This month, one of our solicitors responded to the Ministry of Justice’s call for evidence, on behalf of the firm, on package holiday claims.

A short while ago the government announced plans to change the costs rules to clamp down on the growing market in holiday sickness claims and tackle their apparent increase. What wasn’t perhaps also entirely clear was that these proposals also include taking action to address package holiday personal injury claims in general, not just gastric illness claims.

As part of these measures the Ministry of Justice published a call for evidence covering the following issues:

  • The problem of an apparent substantial increase in the number of low-value personal injury (PI) claims for gastric illness (GI) arising from package holidays, many of which appear to be unmeritorious.
  • Action the government proposes to take to control legal costs by extending fixed recoverable costs (FRC) to low-value personal injury claims arising from package holidays.
  • Amendments to Pre-Action Protocol for Low-Value Personal Injury (Employers’ Liability and Public Liability) Claims.
  • Issues that we are asking the Civil Justice Council to consider in relation to package holiday low-value personal injury claims and other low-value personal injury claims more generally.
  • A call for further evidence including data.

As a firm, we do not generally conduct gastric illness claims, however, we do conduct package holiday claims and as such we are well placed to confirm our experience that these are not easy claims to investigate. Although a claim can be brought under English law in the English Courts, the standard of liability falls to be determined on the basis of the local standards for the Country and area where the accident occurred, at the time of the accident (or on the date of construction of the building where building regulations are concerned).

This is not just a question about what laws apply in the Country where the accident occurred. It is also necessary to identify what the local standards are with reference to any local custom and practice or health and safety guidance.

Such local standards reports are neither easy nor straightforward to obtain. Nor is it easy or straightforward to identify suitable experts to provide these reports. These reports are required from lawyers or engineering experts, depending on the accident circumstances. There is no expert database for them. CPR Part 35 requirements must be explained to each expert to ensure a CPR compliant report, to assist the Court.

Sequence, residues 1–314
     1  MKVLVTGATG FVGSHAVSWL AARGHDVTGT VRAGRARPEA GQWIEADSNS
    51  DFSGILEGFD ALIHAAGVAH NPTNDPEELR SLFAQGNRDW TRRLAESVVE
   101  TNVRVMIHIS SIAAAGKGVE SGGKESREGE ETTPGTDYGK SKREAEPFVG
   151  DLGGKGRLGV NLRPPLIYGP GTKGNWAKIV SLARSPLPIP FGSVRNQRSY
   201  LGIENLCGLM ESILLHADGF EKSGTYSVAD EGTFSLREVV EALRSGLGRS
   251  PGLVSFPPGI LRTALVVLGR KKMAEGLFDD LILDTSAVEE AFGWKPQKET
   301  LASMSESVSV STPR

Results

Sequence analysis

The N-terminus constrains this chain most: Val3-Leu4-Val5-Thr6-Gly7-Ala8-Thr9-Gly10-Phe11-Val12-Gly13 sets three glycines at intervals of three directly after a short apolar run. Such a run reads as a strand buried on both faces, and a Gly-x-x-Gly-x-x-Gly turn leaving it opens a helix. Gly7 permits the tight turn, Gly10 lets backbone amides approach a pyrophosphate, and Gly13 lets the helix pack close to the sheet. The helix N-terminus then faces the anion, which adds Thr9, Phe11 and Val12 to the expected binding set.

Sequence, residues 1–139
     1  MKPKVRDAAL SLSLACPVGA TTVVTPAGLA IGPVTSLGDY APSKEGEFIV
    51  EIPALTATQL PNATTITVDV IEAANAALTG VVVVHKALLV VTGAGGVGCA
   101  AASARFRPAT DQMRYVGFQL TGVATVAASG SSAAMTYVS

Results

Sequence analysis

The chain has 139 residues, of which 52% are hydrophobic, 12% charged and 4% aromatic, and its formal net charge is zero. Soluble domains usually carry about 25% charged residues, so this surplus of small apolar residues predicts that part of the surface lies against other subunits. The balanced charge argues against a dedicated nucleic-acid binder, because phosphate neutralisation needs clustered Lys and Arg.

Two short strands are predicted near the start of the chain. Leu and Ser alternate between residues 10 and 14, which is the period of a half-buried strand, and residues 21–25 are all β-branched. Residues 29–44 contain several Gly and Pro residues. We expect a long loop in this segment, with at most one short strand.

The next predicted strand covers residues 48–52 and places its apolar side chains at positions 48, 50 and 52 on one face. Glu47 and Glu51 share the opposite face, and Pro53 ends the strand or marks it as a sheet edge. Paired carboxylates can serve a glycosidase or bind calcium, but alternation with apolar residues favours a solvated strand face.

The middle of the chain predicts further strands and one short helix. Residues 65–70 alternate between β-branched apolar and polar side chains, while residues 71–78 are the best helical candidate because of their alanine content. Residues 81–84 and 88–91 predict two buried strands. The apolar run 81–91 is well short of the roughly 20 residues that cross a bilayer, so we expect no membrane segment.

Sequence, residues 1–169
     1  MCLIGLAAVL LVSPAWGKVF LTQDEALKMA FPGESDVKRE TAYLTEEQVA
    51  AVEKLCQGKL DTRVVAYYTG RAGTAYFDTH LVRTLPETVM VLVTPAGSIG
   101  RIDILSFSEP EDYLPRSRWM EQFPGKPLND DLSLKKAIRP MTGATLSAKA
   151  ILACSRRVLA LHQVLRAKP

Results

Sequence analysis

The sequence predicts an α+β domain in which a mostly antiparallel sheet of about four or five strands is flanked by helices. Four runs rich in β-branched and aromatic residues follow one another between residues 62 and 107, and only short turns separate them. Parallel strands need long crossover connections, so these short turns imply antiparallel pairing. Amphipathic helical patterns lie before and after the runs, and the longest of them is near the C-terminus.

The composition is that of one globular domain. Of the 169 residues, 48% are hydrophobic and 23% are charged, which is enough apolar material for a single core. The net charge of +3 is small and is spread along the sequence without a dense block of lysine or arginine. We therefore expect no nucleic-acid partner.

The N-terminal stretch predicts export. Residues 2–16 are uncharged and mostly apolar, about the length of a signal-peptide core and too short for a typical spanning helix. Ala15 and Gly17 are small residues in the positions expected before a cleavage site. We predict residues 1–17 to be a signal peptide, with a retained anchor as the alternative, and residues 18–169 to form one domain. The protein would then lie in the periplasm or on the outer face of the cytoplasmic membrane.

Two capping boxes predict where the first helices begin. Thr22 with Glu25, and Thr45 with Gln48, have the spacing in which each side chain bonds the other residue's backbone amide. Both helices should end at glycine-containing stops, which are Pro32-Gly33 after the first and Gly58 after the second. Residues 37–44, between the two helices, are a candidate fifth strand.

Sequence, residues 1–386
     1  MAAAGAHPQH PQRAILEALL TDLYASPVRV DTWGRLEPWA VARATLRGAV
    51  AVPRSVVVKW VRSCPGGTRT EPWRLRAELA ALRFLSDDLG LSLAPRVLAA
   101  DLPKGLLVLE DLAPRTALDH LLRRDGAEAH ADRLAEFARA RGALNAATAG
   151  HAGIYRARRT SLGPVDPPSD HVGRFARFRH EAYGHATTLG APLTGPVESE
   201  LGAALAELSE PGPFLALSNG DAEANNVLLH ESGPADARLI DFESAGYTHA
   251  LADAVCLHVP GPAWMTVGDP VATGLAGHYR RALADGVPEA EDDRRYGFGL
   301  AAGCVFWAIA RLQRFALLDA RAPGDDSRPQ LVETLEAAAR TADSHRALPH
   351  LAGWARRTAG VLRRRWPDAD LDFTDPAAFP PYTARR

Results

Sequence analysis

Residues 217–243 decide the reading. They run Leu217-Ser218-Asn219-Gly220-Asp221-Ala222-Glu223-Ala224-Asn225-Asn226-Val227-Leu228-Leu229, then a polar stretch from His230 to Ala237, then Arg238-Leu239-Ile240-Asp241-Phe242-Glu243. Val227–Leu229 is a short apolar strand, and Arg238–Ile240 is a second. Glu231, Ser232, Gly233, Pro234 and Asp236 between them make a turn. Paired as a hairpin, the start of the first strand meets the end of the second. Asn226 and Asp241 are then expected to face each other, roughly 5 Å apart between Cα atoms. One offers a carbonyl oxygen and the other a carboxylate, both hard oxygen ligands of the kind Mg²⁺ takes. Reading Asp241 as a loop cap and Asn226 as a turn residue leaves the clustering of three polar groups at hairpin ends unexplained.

Even once a local standards report is obtained, it can be very difficult to investigate liability in terms of obtaining documents from Tour Operators. Those Operators often do not have control of the relevant documentation that would normally be ordered by the Court for standard disclosure on liability. The English Courts can only compel Parties within their jurisdiction to provide documentation which is in their control. For third parties (such as hoteliers) who have control of those documents, an Application can only be made under CPR Part 34 to obtain documents from an entity domiciled in an EU Member State (currently – this could be impacted by Brexit in due course). For jurisdictions outside of the EU other conventions may apply, but in order to identify the same, this would inevitably require further investigation, taking additional time and increasing costs necessarily.

The Government seem to consider that although a system to control costs already exists for most personal injury claims in England and Wales (i.e. the fixed costs regimes), a loophole is being exploited in foreign holiday claims. Their proposal is to amend the pre-action protocol for low-value personal injury claims in order to bring these claims within the existing fixed recoverable costs regime.

Ministers stress that the ‘vast majority’ of holidaymakers who do not make false claims will still be able to claim damages, but the changes will reduce the chance of bogus claims and keep the costs of holidays from soaring.

Justice Secretary David Lidington said: ‘Our message to those who make false holiday sickness claims is clear – your actions are damaging and will not be tolerated. We are addressing this issue and will continue to explore further steps we can take. This government is absolutely determined to tackle the compensation culture which has penalised the honest majority for too long.’

The government says advice from the travel industry shows the upsurge of claims in the UK – reported by the industry to be as high as 500% since 2013 – is not seen in other European countries, raising suspicions over the scale of bogus claims and damaging the UK’s reputation overseas.

These changes seem inevitable and a new fixed costs regime could be brought in for all package holiday claims as early as April 2018. However, by responding to the Government’s call for evidence as a firm, as we hope other firms have, perhaps changes can still be made to the Government’s plans, to help the vast majority of Claimant’s who make honest claims, to be able to continue to do so.